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Artist - Rachel Ruysch

Rachel Ruysch

Rachel Ruysch had an extensive and successful painting career that spanned over six decades, making her the best documented female painter of the Dutch Golden Age.

Ruysch was born in June 1664 to Maria Post and Frederik Ruysch. Her father was a well-known scientist, botanist, and professor of anatomy. He had an impressive collection of scientific samples which Ruysch used to practice her drawing skills. At age 15, she was apprenticed to painter Willem van Aelst. In addition to perfecting her painting technique, he taught her how to arrange bouquets to look more wild and less formal, later a signature in her flower paintings. By the time Aelst died in 1683, Ruysch was selling her own signed works. Ruysch was part of a movement that recognized and created work for the growing market of the merchant class.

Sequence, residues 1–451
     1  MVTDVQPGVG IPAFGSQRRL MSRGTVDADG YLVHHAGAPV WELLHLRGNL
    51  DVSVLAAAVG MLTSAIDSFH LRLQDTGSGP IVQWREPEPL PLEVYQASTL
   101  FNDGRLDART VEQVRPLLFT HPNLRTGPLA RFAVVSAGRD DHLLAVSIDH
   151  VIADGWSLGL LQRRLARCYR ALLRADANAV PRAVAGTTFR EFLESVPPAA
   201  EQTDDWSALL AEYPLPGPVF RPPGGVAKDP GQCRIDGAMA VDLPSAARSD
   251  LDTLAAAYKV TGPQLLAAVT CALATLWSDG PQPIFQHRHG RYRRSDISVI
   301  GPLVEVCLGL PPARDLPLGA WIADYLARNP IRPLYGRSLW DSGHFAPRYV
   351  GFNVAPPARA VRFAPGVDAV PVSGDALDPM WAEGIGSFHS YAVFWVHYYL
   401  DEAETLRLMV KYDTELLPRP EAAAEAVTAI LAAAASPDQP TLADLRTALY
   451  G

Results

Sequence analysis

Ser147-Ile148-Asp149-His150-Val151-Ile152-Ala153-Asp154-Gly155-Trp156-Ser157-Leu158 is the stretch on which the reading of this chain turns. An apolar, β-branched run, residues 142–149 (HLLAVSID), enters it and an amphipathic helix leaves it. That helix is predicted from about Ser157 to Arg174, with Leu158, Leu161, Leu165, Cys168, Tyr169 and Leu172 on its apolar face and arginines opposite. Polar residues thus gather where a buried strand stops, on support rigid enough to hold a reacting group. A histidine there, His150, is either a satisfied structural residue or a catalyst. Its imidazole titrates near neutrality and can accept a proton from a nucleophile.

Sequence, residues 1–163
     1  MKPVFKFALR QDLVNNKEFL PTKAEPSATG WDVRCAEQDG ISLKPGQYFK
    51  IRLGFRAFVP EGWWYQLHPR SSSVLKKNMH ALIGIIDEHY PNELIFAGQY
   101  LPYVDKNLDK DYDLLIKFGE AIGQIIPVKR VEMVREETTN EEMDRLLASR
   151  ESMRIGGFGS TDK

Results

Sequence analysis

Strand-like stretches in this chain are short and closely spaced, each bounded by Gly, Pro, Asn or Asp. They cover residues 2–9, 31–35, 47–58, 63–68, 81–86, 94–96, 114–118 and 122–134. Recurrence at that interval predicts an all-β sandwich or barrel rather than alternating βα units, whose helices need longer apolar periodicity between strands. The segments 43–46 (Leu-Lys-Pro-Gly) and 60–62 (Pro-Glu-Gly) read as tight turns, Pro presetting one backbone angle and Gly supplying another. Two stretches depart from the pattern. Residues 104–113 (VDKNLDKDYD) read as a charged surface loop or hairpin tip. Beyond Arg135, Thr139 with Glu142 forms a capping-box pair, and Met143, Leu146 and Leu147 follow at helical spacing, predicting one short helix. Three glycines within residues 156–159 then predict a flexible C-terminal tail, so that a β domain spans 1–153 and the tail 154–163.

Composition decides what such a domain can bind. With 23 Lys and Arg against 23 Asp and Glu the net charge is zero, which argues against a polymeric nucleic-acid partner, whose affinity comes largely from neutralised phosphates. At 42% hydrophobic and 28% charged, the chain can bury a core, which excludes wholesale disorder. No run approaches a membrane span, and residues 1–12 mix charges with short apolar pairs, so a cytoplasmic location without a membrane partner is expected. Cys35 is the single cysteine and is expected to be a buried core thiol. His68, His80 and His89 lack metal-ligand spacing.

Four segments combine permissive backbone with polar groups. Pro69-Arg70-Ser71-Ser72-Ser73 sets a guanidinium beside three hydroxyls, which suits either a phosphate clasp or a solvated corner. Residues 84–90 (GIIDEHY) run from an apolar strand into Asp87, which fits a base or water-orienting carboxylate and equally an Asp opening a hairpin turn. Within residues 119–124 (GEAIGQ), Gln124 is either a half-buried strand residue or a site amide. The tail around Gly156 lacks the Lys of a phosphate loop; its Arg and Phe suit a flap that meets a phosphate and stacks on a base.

Ten years later, Ruysch married fellow painter Juriaen Pool, with whom she had ten children. Motherhood and marriage didn’t stop her from continuing to paint and produce commissioned work. From 1708 to 1716, she was court painter to the Elector Palatine in Düsseldorf. She and her family resettled in Amsterdam in 1716, where Ruysch painted at a remarkably prolific rate until she turned eighty-three. At her peak, Ruysch was so popular that she was able to fetch a price double that of Rembrandt’s sales. Though she gained international renown in her lifetime, it is likely her choice of subject matter — and doubtlessly, her gender — led to her work being overlooked by many later critics, and less established in the art history canon than it deserved.